The Oldest Social Science? Configurations of Law and Modernity

By W. T. Murphy | Go to book overview

6
The Chimera of Social Integration

It's so very difficult to establish where the borderline runs between true power that subdues everything, power that creates the world or destroys it -- when the borderline is between living power, great, even terrifying, and the appearance of power, the empty pantomime of ruling, being one's own dummy, only playing the role, not seeing the world, not hearing it, merely looking into oneself.1

In the course of elaborating his attractive and influential sociology of practice, Pierre Bourdieu sends certain echoes through the self-styled interpretive sections of the social science community:

Reifying abstractions (in sentences like 'culture determines the age of weaning') [objectivist discourse]. . . treats its constructions -- 'culture', 'structures', 'social classes' or 'modes of production' -- as realities endowed with a social efficacy. Alternatively, giving concepts the power to act in history as the words that designate them act in the sentences of historical narrative, it personifies collectivities and makes them subjects responsible for historical actions (as in sentences like 'the bourgeoisie thinks that. . .' or 'the working class refuses to accept').2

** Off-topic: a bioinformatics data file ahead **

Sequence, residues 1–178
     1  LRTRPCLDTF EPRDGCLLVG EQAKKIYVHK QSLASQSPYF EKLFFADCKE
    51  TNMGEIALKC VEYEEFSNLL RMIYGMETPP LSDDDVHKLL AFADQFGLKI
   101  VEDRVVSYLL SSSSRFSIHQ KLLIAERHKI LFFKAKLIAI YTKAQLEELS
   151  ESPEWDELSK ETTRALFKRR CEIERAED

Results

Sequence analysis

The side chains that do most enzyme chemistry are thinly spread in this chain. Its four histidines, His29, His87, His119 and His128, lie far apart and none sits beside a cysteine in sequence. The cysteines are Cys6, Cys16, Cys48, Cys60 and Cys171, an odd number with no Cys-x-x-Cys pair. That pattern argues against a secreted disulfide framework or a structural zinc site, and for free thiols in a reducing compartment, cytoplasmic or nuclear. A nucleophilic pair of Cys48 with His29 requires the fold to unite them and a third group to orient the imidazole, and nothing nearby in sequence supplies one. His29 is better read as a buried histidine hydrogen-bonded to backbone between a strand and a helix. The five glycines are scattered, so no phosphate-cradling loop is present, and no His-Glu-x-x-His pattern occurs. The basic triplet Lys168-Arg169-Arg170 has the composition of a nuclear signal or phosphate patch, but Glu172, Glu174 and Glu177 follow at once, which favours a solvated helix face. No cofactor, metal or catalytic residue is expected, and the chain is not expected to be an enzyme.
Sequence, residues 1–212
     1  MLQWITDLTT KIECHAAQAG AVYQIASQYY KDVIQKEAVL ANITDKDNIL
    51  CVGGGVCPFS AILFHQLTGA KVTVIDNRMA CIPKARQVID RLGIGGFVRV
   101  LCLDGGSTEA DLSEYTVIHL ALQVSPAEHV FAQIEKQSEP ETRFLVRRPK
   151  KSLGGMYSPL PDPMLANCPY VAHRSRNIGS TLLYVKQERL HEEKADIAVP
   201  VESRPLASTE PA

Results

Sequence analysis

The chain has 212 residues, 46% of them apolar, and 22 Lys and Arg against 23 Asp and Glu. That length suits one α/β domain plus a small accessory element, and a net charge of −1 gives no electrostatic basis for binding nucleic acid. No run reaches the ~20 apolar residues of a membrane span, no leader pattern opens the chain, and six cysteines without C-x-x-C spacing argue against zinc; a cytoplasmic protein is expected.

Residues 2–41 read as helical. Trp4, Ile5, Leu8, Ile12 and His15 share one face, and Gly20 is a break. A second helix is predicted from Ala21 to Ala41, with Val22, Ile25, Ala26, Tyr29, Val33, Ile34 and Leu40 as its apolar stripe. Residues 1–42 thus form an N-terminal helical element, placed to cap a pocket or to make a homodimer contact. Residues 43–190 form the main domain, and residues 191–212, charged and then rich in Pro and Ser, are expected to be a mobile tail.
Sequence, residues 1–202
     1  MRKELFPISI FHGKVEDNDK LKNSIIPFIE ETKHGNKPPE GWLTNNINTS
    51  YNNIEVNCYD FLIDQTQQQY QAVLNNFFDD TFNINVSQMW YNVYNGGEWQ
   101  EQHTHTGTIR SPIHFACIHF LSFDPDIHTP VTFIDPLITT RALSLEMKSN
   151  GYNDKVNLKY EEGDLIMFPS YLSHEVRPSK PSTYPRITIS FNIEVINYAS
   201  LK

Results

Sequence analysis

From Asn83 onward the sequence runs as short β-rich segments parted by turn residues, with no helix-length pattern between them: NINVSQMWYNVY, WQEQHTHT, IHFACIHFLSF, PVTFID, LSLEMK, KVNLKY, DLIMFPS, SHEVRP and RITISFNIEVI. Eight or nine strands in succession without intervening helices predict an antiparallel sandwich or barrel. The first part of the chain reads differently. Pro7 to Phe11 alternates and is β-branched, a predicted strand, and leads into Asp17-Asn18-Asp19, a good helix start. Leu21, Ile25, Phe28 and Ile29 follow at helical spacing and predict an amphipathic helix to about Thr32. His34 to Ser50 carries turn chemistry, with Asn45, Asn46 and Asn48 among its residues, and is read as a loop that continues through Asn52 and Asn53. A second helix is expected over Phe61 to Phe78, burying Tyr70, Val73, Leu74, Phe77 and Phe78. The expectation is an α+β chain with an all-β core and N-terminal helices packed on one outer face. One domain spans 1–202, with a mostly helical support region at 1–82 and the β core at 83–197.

But the contemporary reality is more complicated than this, and the kinds of concerns with proof which taxed Weber3 are concerns which today engender ambivalence. In endless revisionist sociologies, there is a vacuous or gestural plea to restore the perspective of agency (while at the same time seeking to preserve the distinct identity of sociology from, say, history). Yet in many respects this has become a moorless rhetoric, outside the academic disciplines and the mass media which 'individualize' many phenomena and thereby exhibit their own inner tension between the simulated immediacy of presentation which individualization permits and the quantitative (and deeply sociological) variables which come into play in assessing their success -- sales, viewing figures, and all the other market indicators with which we are now familiar.

A distinction therefore needs to be drawn between the kind of reflexive operation under way in Bourdieu's sociological theory, or, for that matter, in the polemical stance vis-à-vis mechanical (and usually Marxist) conceptualizations of Giddens's much lauded 'duality of struc

____________________
1
Kapuścińriski, The Emperor, 145.
2
Bourdieu, Logic of Practice, 37.
3
See Ch. 3 above.

-154-

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